The grant subcommittee will review grant requests for ATV operation and maintenance, law enforcement and acquisition-related projects. The subcommittee will provide recommendations on grant funding to the OPRD director for referral to the Oregon Parks and Recreation Commission.

More information about the state ATV program is available at
www.OregonOHV.org
Oregon Parks and Recreation Department to conduct public meeting for proposed Sherars Falls Scenic Bikeway in Maupin
Oregon Parks and Recreation Dept. - 01/17/17 10:00 AM
Maupin OR -- The Oregon Parks and Recreation Department (OPRD) will hold a public meeting for a proposed Oregon Scenic Bikeway from 5:30-6:30 p.m Feb. 8 at the Imperial River Company, 304 Bakeoven Rd., Maupin.

The proposed 33-mile loop starts in Maupin and travels on existing roads through a high desert landscape carved with rivers. The bikeway passes through rural Tygh Valley, then continues along the White River and Deschutes River, with views of scenic Sherars Falls.

The meeting will consist of a presentation on the Oregon Scenic Bikeway Program and information on the proposed Sherars Falls Scenic Bikeway, followed by questions from attendees.

Public comment on the proposed bikeway will be taken at the meeting. Written public comment will be accepted both before and after the meeting until the Oregon State Parks and Recreation Commission acts on the proposed designation. Comments will be presented to the Oregon State Parks and Recreation Commission before the commission votes on designation.

The State Scenic Bikeway Program designates the best-of-the-best road bike riding in Oregon. Currently, the program includes 15 designated bikeways, listed at http://www.oregon.gov/oprd/BIKE/Pages/index.aspx.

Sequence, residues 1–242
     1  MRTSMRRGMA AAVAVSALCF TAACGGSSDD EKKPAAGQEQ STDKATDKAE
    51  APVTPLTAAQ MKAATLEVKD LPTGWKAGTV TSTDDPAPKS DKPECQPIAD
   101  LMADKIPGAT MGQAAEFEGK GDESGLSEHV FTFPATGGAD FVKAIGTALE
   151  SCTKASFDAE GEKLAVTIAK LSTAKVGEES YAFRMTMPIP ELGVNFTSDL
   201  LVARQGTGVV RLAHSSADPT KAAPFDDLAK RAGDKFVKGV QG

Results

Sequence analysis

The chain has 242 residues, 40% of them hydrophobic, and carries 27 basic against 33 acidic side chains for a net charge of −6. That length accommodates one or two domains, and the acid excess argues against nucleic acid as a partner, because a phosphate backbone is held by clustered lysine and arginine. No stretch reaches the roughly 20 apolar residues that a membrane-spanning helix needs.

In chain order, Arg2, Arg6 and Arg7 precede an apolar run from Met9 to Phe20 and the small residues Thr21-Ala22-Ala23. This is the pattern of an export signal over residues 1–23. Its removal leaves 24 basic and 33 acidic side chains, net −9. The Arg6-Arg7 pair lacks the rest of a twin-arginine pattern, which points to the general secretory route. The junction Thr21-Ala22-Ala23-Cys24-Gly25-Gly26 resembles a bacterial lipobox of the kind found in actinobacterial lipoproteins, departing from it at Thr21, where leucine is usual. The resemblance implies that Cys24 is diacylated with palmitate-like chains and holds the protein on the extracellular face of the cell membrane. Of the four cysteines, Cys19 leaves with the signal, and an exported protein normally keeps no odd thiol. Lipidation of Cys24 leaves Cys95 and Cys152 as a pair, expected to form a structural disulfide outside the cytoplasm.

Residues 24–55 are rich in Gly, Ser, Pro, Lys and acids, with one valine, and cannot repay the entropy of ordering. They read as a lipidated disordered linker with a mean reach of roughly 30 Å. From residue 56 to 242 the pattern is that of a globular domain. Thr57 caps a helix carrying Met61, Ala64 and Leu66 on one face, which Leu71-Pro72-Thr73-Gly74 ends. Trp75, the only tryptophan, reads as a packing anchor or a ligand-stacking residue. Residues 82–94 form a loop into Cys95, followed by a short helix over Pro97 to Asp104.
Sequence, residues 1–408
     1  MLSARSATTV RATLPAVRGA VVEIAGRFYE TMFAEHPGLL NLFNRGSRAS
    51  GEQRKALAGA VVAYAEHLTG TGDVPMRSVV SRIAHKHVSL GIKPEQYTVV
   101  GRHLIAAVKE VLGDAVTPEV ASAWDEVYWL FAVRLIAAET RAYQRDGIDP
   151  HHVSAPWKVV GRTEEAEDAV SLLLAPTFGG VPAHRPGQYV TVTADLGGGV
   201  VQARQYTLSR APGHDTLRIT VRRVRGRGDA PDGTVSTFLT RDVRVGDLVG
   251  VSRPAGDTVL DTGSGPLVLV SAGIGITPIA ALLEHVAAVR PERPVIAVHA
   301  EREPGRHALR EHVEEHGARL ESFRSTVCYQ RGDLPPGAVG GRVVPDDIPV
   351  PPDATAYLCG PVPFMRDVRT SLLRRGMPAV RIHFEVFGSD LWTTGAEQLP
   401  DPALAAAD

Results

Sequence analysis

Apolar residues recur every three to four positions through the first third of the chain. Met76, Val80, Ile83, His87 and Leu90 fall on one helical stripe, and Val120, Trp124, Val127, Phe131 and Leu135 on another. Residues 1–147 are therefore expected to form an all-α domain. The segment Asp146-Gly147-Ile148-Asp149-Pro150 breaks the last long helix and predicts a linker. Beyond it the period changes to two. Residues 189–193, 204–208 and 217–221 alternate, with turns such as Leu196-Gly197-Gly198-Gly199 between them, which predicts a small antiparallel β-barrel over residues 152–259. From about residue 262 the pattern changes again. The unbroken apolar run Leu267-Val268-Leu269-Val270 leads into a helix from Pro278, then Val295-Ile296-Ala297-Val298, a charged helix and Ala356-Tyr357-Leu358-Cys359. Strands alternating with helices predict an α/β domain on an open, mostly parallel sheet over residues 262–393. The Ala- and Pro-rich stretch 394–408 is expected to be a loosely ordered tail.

Send comments about the proposed bikeway to Alex Phillips at alex.phillips@oregon.gov
or to Oregon Parks and Recreation Dept., ATTN: Alexandra Phillips, 725 Summer St NE, Suite C, Salem, OR 97301-1266.
**CANCELLED** Oregon State Library Board Meeting in Salem, January 19 & 20, 2017
Oregon State Library - 01/17/17 2:50 PM
The Oregon State Library Board Meeting and Strategic Planning Session on January 19 and 20, 2017 has been canceled due to inclement weather in numerous areas of the state. The meeting will be rescheduled for late February or early March.
Cities
Rain predicted - clear storm drains of snow and ice to prevent flooding
City of Battle Ground - 01/15/17 3:55 PM
Rain, and a lot of it, is predicted to arrive in the next day or two. With the amount of snow and ice still on streets we must now try to minimize the risk of localized flooding. Snow or ice blocking storm drains can keep water from flowing into the drainage system and can quickly create areas of standing water.